I picked up Arthur’s Wilderness Rescue at my favorite thrift shop, still shrink-wrapped. While originally published in 2000, this was distributed as part of a nutritious Wendy’s kids meal earlier this year. I really need a better way to keep on top of these fast food/video game promotions. I honestly don’t want to be eating at all the popular fast food restaurants on a regular monthly rotation just to be able to catch these. And don’t even get me started on the breakfast cereal promotions.
Moving right along, this is my first experience with the Arthur series, of which I already have several other titles. Only 2 Arthur games are presently in MobyGames, so guess who gets to fill in the rest of the series? This, like the insufferable Mr. Men and Little Miss series, are aimed at a very young set. Ordinarily, that would bother me. Thankfully, this game can be made to move along a little more quickly with extra mouse clicks.
So Arthur’s teacher, Mr. Ratburn, takes Arthur and his various anthropomorphic classmates on an educational camping trip to scenic Mt. Rockslide. The hands-on learning begins in earnest when old man Ratburn trips over a log and becomes incapacitated. Arthur is the one in the big glasses. You might be tormented as I was at the question of what animal Arthur was supposed to be– sort of a Goofy-type conundrum. In turns out he is supposed to be an aardvark.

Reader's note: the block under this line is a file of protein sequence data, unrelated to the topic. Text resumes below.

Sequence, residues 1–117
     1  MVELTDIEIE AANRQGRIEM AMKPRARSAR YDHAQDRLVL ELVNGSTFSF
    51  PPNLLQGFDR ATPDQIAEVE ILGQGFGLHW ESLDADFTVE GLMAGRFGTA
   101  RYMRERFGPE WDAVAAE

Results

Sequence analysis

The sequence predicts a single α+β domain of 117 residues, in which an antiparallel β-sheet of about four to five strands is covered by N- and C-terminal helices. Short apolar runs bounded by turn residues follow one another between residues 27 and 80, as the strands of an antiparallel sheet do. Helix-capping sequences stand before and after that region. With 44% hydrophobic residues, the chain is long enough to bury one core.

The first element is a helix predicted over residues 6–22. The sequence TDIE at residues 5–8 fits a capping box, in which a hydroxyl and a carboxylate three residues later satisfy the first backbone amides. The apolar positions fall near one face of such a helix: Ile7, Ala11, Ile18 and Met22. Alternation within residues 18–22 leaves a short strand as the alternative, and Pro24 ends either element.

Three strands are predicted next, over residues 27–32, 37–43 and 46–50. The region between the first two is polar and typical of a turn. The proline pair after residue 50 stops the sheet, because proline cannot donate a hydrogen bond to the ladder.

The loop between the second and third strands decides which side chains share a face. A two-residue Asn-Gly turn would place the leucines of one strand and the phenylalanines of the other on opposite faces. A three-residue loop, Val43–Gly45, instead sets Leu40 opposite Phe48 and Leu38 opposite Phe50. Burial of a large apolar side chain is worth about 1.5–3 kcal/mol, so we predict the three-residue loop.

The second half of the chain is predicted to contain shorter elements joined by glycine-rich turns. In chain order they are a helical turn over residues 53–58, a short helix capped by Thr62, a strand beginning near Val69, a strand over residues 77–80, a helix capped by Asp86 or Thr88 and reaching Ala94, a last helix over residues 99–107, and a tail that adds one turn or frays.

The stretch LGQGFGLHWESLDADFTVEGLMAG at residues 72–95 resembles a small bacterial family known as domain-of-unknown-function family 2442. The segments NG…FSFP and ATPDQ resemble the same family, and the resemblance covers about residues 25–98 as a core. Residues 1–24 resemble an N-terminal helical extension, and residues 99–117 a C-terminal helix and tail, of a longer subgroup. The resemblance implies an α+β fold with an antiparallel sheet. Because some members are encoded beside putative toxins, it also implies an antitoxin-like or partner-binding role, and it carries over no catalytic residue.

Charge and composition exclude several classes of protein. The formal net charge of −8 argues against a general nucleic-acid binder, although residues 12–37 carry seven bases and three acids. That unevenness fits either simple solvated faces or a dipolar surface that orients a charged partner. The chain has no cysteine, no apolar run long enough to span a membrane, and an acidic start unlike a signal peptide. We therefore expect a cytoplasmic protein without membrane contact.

Anyway, the schoolchildren, perhaps not fully understanding the peril of their situation, nonchalantly put their heads together and come up with 3 separate ideas for how they might possibly alert the outside world of their predicament. The player gets to select one of the ideas and then carry it out, exploring the wilderness to try to piece together the plan and accomplish a number of secondary goals along the way.
Meanwhile, there is learning afoot. The above screenshot depicts Arthur and his bunny pal Buster finding a bush of wild berries. Apparently, it’s quite safe to eat wild berries, and delicious to boot (for the record, not where I grew up). For our next lesson, we’re going to go over the cliff clearly marked with a rockslide warning sign:
Whee! Such fun, remark the children at the bottom. Later, Arthur and Buster find a shack that has a fallen tree in front of it. After procuring a saw that happened to be laying about in the wilderness, they remove the tree, enter the shack and practice the time-honored “finders-keepers” ethos:
Do breaking, entering, and theft count as separate merit badges, or are they combined into one? It’s interesting to note that you don’t actually need all the junk on offer. I surmise that if I try to approach the game using another solution, other items in the shack would be applicable.
Irresponsible wilderness lessons aside, I have to give the game credit for its marvelous art style. Look carefully– all of the scenery is crafted to appear as watercolor paintings. There is also a trove of information to be unearthed as you photograph the sundry flora and fauna. After doing so, the game regales the player with trivia regarding the subject of the photograph.